Liverpool striker Luis Suarez failed to "fully appreciate the gravity and seriousness" of his bite on Chelsea's Branislav Ivanovic, according to a Football Association Independent Regulatory Commission.
The Uruguay international was handed a lengthy suspension for the incident, missed by referee Kevin Friend but subsequently reviewed using television evidence, in last weekend's 2-2 draw at Anfield.
And while the 26-year-old, and his club, issued apologies and admissions of guilt within hours of the incident occurring - with the forward donating a club fine to the Hillsborough Family Support Group - the subsequent decision to challenge the FA's assertion that a three-match ban was insufficient undermined their previous contrition.
Having considered submissions from the FA and Suarez, the three-man panel, comprising chairman Thura KT Win, JP, Roger Pawley and Brian Talbot, felt the player was not suitably aware of the significance his action.
1/2 For my unacceptable behaviour yesterday the club has fined me today, I have asked the club to donate the money to...
2/2 ...to the Hillsborough Family Support Group for the inconvenience I have created to the Liverpool fans and to Ivanovic.
Hello to everyone, I wanted to share this statement with all of you. Thanks for your support http://t.co/pzXKiuaJcr
"We took into consideration of Mr Suarez's apology, his personal statement, supporting letter from Mr Brendan Rodgers and the letter from Ms Zoe Ward (club secretary)," said the panel's report.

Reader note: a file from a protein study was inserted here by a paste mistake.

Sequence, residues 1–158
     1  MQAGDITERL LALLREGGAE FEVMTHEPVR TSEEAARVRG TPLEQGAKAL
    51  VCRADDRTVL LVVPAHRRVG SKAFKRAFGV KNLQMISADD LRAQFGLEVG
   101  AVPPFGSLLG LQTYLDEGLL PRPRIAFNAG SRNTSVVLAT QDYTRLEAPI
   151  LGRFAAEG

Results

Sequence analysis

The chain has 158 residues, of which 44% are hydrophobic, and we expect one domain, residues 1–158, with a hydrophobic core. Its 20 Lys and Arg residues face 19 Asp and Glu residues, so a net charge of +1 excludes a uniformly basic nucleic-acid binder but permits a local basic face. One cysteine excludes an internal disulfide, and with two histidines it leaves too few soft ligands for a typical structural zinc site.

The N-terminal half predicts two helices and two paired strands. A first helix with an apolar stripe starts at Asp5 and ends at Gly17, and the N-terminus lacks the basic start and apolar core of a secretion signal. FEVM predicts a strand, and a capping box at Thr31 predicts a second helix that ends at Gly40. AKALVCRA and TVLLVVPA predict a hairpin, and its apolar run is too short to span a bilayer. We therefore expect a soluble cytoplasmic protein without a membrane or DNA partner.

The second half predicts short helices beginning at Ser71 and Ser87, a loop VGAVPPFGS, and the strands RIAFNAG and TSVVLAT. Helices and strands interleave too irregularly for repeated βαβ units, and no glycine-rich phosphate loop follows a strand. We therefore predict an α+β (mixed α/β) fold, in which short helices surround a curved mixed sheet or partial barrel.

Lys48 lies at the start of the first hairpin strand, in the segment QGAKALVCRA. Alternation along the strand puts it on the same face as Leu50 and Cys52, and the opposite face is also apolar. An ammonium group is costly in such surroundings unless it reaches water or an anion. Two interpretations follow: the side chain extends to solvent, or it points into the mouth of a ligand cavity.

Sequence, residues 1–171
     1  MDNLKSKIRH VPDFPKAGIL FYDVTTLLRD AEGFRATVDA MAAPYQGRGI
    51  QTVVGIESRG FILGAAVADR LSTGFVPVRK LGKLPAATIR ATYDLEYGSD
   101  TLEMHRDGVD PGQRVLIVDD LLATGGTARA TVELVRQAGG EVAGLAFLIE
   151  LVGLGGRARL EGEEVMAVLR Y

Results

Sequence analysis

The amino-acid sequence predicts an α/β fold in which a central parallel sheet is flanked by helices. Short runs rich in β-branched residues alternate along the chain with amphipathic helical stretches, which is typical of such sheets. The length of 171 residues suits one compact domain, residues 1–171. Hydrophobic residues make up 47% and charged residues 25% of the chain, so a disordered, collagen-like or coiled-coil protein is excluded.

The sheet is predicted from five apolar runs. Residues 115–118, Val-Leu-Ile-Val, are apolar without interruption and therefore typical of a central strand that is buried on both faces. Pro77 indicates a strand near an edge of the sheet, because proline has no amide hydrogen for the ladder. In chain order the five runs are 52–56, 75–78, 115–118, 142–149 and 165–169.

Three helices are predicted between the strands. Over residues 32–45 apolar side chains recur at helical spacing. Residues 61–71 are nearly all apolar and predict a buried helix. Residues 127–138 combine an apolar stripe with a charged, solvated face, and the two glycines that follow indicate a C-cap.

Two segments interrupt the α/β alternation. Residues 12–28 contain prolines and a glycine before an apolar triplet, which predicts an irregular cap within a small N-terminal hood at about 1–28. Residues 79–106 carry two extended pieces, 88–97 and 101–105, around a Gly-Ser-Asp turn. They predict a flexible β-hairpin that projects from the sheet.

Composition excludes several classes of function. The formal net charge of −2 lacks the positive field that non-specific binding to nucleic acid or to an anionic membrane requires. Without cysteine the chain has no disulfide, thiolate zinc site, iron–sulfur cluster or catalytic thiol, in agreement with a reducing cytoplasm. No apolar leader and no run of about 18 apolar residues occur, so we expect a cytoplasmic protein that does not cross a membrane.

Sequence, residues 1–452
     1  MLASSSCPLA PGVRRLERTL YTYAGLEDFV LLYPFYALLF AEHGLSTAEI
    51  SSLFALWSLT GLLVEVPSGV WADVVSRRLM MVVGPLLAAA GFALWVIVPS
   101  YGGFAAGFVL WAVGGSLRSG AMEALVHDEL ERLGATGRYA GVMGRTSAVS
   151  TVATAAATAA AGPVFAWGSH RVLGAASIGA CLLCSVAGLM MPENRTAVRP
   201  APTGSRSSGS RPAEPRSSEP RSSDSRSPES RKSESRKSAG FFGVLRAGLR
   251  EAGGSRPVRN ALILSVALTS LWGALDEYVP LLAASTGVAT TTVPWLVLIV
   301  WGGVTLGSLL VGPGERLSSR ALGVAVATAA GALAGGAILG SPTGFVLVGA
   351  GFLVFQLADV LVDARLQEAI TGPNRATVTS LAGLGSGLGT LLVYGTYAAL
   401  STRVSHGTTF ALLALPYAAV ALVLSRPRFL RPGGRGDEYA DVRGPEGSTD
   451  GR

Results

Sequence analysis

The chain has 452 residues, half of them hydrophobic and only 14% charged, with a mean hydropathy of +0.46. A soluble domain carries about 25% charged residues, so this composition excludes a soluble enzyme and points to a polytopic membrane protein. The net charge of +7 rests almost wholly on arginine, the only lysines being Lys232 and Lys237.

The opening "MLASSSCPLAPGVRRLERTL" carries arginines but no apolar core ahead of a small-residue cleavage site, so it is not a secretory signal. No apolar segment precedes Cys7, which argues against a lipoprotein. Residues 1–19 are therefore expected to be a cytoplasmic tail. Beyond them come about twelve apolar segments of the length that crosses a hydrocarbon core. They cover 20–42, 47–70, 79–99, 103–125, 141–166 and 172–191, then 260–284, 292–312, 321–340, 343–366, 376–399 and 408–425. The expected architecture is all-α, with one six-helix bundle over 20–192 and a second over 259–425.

"But when these were read in conjunction with Mr Suarez's denial of the standard punishment that would otherwise apply for violent conduct is clearly insufficient, it seemed to us that Mr Suarez has not fully appreciated the gravity and seriousness of this truly exceptional incident.
"We believe it is our duty to discourage any players at any level from acting in such a deplorable manner or attempting to copy what they had seen on the television.
"The incident of biting an opponent is alien to football and must remain so.
"It is completely unacceptable and such truly disgraceful behaviour could also lead to possible health issues.
"We also felt that the purpose of our decision should not only be a punishment to Mr Suarez for the offence committed, but must also be sending a strong message that such deplorable behaviours do not have a place in football."
Suarez's previous brush with authority in this country last season displayed a similar failure - not helped by a shambolic defence by the club - to grasp the seriousness of his situation.
The South American refused to accept he was in the wrong even when found guilty of racially abusing Manchester United's Patrice Evra, for which he received an eight-match ban.